Originally published in EL Magazine, August 2012.

Women on the Edge / Girigiri no Onnatachi

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Mashiro Kobayashi is the most frustratingly great director working in Japan right now. He can make an austere masterpiece like The Rebirth and follow it up with an incomprehensible and ugly mess like White Nights. On the heels of Haru’s Journey, his brilliant and heartfelt collaboration with Tatsuya Nakadai, his hermetic reflection on the aftermath of 3.11, Women on the Edge, is a supreme failure. The story, revolves around a reunion of three sisters, Takako (Watanabe Makiko), Nobuko (Nakamura Yuko) and Satomi (Fujima Miho) at their family home in Tohoku. The abandoned house, spared from the flood, is the backdrop for untold family secrets to be told and psychodramas to unfold from a set of siblings with a mess o’ issues. Despite the talents of the usually splendid Watanabe and the other actresses involved, the whole thing devolves into a rather numbing shriekfest. Counterpointing the problems of a national disaster – rather mildly mentioned – with a family drama can be an intriguing rationale for a movie. That Kobayashi missed his mark so badly saddens me.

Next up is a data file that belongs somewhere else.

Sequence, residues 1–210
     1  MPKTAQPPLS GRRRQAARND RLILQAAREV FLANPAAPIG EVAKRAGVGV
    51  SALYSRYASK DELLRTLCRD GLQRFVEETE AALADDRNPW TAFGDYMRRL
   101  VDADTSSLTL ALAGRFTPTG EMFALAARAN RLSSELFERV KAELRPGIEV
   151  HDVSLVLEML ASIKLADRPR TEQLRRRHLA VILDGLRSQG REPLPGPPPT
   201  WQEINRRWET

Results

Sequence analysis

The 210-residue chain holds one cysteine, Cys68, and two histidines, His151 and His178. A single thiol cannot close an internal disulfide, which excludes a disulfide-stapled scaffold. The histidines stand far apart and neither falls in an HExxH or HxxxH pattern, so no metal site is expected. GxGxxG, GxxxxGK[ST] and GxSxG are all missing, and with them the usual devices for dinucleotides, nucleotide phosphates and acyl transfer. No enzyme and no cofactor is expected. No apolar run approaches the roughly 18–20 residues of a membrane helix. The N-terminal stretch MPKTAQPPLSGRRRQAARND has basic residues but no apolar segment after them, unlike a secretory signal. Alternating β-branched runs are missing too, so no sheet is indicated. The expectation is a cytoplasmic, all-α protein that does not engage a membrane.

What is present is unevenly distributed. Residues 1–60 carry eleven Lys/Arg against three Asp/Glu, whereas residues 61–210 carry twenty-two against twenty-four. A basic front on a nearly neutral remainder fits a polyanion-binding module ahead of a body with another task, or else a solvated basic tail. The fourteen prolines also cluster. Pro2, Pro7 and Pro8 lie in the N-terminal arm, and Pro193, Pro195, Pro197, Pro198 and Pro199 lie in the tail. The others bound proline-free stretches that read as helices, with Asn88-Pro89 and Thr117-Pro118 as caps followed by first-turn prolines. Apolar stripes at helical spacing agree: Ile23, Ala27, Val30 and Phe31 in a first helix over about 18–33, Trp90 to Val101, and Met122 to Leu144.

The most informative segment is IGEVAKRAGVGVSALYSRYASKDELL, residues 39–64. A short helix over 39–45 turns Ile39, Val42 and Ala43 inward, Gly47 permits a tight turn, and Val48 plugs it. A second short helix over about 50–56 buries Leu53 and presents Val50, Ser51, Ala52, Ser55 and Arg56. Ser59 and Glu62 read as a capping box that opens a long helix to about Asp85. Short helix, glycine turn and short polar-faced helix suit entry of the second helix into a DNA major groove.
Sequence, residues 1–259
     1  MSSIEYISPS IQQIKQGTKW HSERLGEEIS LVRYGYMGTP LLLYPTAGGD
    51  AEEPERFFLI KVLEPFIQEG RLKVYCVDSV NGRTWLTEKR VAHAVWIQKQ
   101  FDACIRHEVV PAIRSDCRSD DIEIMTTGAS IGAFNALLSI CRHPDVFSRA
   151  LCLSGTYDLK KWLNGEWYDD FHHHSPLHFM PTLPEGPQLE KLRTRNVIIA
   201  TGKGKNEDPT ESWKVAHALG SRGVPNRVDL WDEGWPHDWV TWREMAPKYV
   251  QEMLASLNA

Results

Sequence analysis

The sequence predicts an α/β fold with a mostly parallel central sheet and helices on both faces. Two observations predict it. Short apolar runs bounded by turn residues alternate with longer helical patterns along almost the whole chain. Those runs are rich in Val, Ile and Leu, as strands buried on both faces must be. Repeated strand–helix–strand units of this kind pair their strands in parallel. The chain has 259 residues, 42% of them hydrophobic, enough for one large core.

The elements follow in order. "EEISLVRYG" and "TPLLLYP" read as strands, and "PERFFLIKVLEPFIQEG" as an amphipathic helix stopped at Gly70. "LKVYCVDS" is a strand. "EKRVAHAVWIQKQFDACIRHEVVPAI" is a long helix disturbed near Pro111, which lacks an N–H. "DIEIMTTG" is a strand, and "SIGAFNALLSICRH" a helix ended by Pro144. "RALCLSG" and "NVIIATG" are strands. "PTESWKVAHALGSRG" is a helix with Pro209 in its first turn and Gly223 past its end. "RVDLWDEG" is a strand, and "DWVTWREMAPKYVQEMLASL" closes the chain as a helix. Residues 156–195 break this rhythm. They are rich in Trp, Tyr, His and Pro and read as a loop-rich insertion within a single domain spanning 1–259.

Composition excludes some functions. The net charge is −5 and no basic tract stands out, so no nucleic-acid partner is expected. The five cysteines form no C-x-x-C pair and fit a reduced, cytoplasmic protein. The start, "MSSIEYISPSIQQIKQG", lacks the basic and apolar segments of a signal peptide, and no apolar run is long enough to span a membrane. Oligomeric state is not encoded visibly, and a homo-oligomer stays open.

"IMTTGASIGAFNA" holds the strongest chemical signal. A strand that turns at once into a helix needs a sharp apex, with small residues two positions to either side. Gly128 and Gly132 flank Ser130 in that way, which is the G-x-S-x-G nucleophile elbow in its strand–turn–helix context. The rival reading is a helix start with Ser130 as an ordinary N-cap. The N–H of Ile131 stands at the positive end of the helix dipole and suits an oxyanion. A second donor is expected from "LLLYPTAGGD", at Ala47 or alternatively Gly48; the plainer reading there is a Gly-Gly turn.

Originally published in EL Magazine, August 2012.

Written by Nicholas Vroman

August 1, 2012 at 4:36 am

Kazoku no kuni / Our Homeland

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Director Yong-hi Yang, who has explored issues of her own Korean/Japanese family in documentaries, brings a fresh focus with her first feature fiction, Kazoku no kuni. The film follows the tale of  Sonho (Iura Arata), a man who emigrated to North Korea from Japan in the 1970s, following an invitation to a better life there. In reality many Korean expats and Korean/Japanese did this from the 1950s through the 70s. In Kazoku no kuni he returns to Japan to get an operation, reuniting with his old family and particularly his sister, Rie (Sakura Ando). A powerful drama unfolds as Sonho tries to convince his sister to go to North Korea with him. The family dynamics are carefully etched with Yong-hi Yang’s sure direction. The leads, Ando and Arata, take on difficult and complex issues of nationalism, identity and family ties, giving them life through generous and deep portrayals. The supporting cast fills out the edges and details of this superbly crafted and heartfelt exploration of a little seen part of contemporary history.

Originally published in EL Magazine, August 2012.

Written by Nicholas Vroman

August 1, 2012 at 4:33 am